Showing posts from January, 2016

Setting up React tests with Mocha and Webpack

Writing unit for React classes written with ES6 is a bit less simple than for plain old ES5 JavaScript. The extra compilation steps mean that the production source files and the test code both need to be compiled before running. To perform this role I'm using Webpack.  Webpack provides bundling and compilation bringing my source code (test or production) down into one big ES5 file. To get Mocha tests running with Webpack. Getting a basic test running To get a basic test running, nothing  more than vanilla ES5 Java Script. Include the Mocha loader (npm install mocha-loader) Navigate to your test directory.  Run "webpack mocha!./testroot.js testBundle.js" Create an empty html file that includes testBundle.js after the body.  Open the html file. Using a config file Obviously we want to use more than just Vanilla.js we want to include React and ES6 components.  To do this I'm using a second config file, in addition to the one used to compile the cl

Build Speed a less talked about Micro Services feature.

I was deploying a small app, you could call it a Micro Service, today to our test/demo environment at work and found a bug where I hadn't implemented a shared API correctly. I realised my mistake. Walked over to my development machine (the test/demo environment is physically and logically separated from the rest of the network). Fixed the bug.  Ran tests. Pushed to CI.  Took the installer generated from the CI build walked back over. Installed the update.  All in less than 5 minutes.   I always hear about how Micro Services are quick to deploy, resilient to failure and scale-able, but rarely do I hear about the fact that they're quick to build.  This speed is because the compile time is lower and the test time is lower.  Overall it means that working on a Micro Service, or a small application in general is just more productive from a development point of view.  Micro Services is the buzz word at the moment so you probably didn't need another reason to co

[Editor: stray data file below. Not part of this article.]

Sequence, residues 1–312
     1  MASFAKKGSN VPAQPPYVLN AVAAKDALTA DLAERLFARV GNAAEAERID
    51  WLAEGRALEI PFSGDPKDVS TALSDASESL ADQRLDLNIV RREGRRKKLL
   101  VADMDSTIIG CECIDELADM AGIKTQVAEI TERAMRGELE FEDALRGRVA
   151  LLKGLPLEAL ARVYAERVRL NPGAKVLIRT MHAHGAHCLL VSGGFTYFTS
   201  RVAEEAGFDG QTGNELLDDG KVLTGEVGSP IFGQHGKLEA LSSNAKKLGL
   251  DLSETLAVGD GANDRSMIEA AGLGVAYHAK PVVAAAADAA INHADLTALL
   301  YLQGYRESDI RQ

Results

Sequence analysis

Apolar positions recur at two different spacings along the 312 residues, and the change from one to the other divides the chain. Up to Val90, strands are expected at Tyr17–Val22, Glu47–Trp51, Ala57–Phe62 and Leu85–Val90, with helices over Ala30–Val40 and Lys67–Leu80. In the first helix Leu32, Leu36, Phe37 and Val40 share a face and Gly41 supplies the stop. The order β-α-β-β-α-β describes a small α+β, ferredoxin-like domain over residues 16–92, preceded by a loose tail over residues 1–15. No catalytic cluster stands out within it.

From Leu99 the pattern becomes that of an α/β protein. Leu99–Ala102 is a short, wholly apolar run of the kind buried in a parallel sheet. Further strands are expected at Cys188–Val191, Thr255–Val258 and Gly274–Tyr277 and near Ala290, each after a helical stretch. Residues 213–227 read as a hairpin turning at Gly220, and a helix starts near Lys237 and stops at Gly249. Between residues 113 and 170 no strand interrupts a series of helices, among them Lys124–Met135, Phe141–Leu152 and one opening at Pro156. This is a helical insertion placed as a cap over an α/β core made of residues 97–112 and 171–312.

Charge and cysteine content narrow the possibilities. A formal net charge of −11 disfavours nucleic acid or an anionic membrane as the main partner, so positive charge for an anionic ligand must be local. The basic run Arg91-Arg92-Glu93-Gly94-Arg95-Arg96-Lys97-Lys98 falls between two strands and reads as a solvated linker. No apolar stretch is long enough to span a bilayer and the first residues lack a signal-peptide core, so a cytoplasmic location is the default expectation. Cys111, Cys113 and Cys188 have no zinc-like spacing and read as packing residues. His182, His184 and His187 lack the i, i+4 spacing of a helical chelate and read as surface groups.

React Router Context Issue

I've been playing with React and using React Router to build a demo app. The last couple of times I've sat down to work on it I've been struggling with what given hindsight seems like a very simple issue.  The issue I was having was that after a user had logged in they would not be redirected to the page they wanted to view.  They would have been authenticated successfully but the redirect was throwing an exception because the router object in the context was undefined.  The suggestions on how to fix this is to add this method to your React class. contextTypes{ router: React.PropTypes.object.isRequired } This will check that there is a router object available in the context and make it available through this.context.router If router is not available within the context object it will raise a warning in the console. Failed Context Types: Required context `router` was not specified in ... This is what I was getting.   Lots of searching br